• Unearthed & Untold: The Path To Pet Sematary

    Released by: Synapse Films
    Released on: March 13th, 2018.
    Director: John Campopiano, Justin White
    Cast: Denise Crosby, Dale Midkiff, Miko Hughes, Brad Greenquist
    Year: 2017
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    The Movie:

    In the tradition of Crystal Lake Memories and Just Deserts comes Unearthed & Untold: The Path To Pet Sematary, a feature length documentary from filmmakers John Campopiano and Justin White that provides fans of the film a deep dive into its history and its origin. Like those aforementioned projects, this one is made up primarily of interviews with those who worked on the film in one capacity or another, with interviews with fans and film critic types interspersed to provide some context. The end result is a genuinely interesting look back at what was involved in bringing Stephen King’s novel to life, the themes that it deals with that set the film apart from other horror films made around the same time, and the stories of those who were involved in the production.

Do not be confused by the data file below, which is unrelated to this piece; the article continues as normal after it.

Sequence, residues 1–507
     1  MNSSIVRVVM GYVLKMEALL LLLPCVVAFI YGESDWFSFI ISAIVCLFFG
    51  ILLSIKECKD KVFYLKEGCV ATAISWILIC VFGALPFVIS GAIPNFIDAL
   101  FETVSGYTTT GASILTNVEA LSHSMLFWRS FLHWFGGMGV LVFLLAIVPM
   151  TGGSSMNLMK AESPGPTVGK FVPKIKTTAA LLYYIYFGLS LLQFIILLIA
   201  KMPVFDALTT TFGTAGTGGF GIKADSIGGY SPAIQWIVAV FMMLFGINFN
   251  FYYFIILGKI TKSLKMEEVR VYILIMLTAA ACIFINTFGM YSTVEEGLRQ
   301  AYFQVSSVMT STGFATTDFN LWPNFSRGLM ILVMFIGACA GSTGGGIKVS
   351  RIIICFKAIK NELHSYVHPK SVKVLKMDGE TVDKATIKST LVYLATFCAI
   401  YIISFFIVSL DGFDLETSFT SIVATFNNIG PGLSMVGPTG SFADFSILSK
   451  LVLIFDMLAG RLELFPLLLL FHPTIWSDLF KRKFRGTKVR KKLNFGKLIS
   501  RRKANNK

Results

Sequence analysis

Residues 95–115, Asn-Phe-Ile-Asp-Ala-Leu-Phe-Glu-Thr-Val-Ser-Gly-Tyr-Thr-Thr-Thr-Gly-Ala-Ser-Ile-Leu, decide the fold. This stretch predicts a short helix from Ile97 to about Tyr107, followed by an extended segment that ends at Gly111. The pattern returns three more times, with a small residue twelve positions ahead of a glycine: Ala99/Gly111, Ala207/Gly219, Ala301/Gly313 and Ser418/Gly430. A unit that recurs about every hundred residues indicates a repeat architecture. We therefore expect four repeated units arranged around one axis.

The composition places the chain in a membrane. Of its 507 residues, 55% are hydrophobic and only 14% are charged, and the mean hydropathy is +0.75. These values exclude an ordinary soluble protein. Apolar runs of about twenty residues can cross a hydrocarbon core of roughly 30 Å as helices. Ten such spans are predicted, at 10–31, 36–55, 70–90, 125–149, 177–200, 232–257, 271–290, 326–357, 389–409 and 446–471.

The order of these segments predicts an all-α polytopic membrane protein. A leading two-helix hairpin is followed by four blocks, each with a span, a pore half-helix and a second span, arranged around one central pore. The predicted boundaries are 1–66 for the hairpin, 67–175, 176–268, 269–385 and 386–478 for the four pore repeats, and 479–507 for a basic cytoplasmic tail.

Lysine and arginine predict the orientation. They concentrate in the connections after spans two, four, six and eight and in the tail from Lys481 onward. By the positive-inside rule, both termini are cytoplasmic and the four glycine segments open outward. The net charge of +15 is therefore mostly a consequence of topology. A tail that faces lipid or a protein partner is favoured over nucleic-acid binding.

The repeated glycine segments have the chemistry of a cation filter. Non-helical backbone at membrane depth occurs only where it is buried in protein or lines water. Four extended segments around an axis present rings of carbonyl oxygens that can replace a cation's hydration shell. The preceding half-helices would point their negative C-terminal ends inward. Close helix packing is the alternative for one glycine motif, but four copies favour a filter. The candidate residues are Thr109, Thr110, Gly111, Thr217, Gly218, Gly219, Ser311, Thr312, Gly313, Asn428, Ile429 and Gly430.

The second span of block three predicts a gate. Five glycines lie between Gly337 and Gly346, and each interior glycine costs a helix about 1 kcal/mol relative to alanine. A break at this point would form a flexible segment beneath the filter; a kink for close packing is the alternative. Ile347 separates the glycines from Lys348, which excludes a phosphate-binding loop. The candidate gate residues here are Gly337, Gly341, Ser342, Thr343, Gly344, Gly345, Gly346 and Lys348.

The documentary starts off with some background information on how and why King came to write the novel on which the film was based, detailing his homestead in Maine, the importance of Highway 15 and the countless logging trucks that drove the road, and the real life ‘Pet Sematary’ that was built in the area by some local kids. From there, we learn how the book was optioned and how it took a few years for the film to actually get made due to some hesitation on the part of the studio.